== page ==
If you live in a house with family, choose a room to do your reading and working and relaxing, away from others. Family bonding is great, but you need to be able to separate.
3. Limit the news.
Limit television news to one hour daily, and that excludes lengthy presidential press conferences as well as hour-long cable news opinion shows. Get an outside view: BBC World News for an hour is enough.
4. Limit social media and personal email.
Every morning at the same time, sit down and do your personal email and social media. One hour each is plenty. The rest of the day, don’t look at your phone for social media and don’t check email. Repeat the next day.
5. Walk outside.
Getting outside once daily for about 30 minutes is a must. Walk the dog, stroll the neighborhood. Make sure you smile and wave at people you meet, and even hold a conversation at a distance with a mask. This is the only outside social contact most people will get.
6. Order fancy coffee for delivery.
This is a healthy splurge (coffee, though not caffeine, lengthens telomeres, which fights aging) and helps those in the economy who are hurting, such as cafes. Online ordering is a chance to reach beyond the usual stores and support coffee growers who are committed to fair trade and economic growth in poor countries. (Suggestions that I've stumbled across, without any personal connection: Sweet Unity coffee in Tanzania, run by Jackie Robinson's son; or Principio Coffee in Alabama, that supports a village in Honduras). Or support a local cafe that roasts its own coffee and is an important local employer (for example, Metropolis Coffee in Chicago).
7. Eat less.
Now that you can’t go to restaurants - which tend to cause weight gain due to huge portions and excess use of fats and butter - and are supposed to limit trips to grocery stores, it’s a great chance to eat less. We in the West eat too much; nobody needs to have a pint of ice cream every week. Eat less so you don’t gain weight and don’t have to shop so much. And keep it up later. You’ll be healthier in the long run. (Do treat yourself to that ice cream now and then.)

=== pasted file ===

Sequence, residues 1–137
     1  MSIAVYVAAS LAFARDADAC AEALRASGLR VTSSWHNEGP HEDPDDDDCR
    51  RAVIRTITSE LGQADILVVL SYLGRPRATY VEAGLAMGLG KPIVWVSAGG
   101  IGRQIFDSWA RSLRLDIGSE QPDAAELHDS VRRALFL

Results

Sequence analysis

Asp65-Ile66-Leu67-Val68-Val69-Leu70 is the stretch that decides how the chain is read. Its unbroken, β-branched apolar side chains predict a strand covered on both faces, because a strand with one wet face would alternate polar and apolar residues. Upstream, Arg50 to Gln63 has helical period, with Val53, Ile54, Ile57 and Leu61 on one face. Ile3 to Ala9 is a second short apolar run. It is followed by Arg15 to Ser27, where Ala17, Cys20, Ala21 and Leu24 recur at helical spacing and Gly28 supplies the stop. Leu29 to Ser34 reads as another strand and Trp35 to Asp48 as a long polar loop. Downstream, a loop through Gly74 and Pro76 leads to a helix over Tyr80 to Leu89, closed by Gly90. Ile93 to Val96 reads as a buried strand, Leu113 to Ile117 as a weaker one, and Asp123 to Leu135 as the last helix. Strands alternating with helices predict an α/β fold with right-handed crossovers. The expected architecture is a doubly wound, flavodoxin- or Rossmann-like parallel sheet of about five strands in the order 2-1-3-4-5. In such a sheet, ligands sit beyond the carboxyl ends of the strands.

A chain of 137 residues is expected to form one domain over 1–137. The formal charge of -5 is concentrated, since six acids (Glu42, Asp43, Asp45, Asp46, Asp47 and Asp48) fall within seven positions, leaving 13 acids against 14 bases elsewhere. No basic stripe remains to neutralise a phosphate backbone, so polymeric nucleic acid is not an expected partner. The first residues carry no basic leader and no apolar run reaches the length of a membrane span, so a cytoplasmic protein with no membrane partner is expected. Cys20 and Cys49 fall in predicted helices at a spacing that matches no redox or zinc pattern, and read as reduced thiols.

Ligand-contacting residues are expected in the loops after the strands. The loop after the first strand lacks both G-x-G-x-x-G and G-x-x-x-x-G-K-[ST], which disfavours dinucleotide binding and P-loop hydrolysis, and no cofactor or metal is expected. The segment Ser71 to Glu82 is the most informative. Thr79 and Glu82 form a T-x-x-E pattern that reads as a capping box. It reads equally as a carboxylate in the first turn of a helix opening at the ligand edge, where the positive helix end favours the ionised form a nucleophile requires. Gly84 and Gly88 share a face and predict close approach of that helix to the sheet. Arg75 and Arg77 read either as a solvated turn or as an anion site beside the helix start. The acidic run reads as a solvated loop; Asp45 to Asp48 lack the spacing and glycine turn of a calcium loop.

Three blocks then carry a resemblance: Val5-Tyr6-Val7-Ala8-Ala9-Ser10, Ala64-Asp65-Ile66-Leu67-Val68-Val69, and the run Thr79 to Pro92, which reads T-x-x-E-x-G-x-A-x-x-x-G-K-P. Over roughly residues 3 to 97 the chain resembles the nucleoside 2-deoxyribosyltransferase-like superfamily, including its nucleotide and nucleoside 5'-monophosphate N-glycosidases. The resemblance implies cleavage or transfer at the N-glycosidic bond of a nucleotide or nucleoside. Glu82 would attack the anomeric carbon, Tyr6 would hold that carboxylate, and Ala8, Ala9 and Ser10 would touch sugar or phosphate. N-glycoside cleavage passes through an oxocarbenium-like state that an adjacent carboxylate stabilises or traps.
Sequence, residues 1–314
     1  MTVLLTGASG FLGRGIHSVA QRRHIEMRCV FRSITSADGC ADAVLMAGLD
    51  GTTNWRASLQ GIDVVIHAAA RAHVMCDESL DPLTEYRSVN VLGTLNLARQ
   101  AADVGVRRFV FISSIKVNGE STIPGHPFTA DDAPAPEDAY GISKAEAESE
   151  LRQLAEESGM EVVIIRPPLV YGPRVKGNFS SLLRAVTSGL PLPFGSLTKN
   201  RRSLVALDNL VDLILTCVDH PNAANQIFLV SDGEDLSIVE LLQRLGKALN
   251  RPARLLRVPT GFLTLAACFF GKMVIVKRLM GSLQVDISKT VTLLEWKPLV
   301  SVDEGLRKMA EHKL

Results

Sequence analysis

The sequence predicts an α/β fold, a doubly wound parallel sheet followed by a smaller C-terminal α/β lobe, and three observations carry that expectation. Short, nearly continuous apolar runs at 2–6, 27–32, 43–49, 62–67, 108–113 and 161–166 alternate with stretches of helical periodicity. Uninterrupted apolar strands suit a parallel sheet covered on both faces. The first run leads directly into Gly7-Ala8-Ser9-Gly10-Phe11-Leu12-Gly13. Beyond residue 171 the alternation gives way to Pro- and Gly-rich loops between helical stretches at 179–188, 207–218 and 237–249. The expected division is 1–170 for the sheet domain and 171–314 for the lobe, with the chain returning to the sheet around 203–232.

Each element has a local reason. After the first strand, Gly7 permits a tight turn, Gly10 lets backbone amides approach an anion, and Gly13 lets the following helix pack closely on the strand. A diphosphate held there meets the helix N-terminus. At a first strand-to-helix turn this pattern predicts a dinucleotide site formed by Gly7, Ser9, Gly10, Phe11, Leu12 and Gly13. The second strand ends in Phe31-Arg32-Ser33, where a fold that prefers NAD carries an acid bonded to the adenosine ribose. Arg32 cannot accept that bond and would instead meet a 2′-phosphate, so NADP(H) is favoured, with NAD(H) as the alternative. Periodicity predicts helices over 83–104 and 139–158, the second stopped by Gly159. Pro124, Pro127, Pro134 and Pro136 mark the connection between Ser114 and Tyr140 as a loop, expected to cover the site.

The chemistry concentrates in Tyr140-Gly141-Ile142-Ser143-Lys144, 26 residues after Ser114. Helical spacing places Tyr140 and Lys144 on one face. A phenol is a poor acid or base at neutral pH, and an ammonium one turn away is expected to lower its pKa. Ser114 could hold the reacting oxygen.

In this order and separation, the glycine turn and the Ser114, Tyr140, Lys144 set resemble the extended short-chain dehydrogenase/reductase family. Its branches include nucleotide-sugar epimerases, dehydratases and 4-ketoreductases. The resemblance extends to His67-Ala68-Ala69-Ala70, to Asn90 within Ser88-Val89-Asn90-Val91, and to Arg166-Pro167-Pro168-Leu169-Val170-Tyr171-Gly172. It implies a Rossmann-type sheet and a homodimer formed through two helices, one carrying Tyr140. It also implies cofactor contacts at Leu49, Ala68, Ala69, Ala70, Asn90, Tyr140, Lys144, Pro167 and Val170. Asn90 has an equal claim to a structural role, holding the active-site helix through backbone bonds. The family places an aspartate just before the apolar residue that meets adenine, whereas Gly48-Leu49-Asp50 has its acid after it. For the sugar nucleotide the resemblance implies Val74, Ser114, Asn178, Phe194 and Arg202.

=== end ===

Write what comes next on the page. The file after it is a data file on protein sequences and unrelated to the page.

8. Watch old TV shows and reconnect to our past.
Two forms of entertainment don’t work without an audience: stand-up comedy and sports. It’s hard to watch Stephen Colbert or Jimmy Kimmel streaming from home, so watch those who made them possible. I recommend Johnny Carson and Dick Cavett (see Amazon prime video). In the process – watching Cavett interview Charlton Heston or Groucho Marx - you’ll revisit the decades that made our society what it is today, and learn how we got to where we are.
9. Don’t schedule up your day. Let time flow.
You might react to lack of structure by giving too much attention to time, as if you can keep your usual work schedule at home. Remember, there’s no one at the office, and you don’t need to fill all your “work” hours. And, without the zeitgeber of commuting, you can let work spill into the evening. You can drop the Puritan code during a pandemic. Skip the meeting that’s optional; leave a call early; block off hours in the middle of the day. Make time to practice points 1-8 above.
Some basic zeitgebers: Go to bed before midnight, wake up before noon; stop working by 6 PM; and call it a day.
10. Wear deodorant.
This is not a rule but a request, more relevant now than wearing sunscreen: There’s no need to be smelly around the house.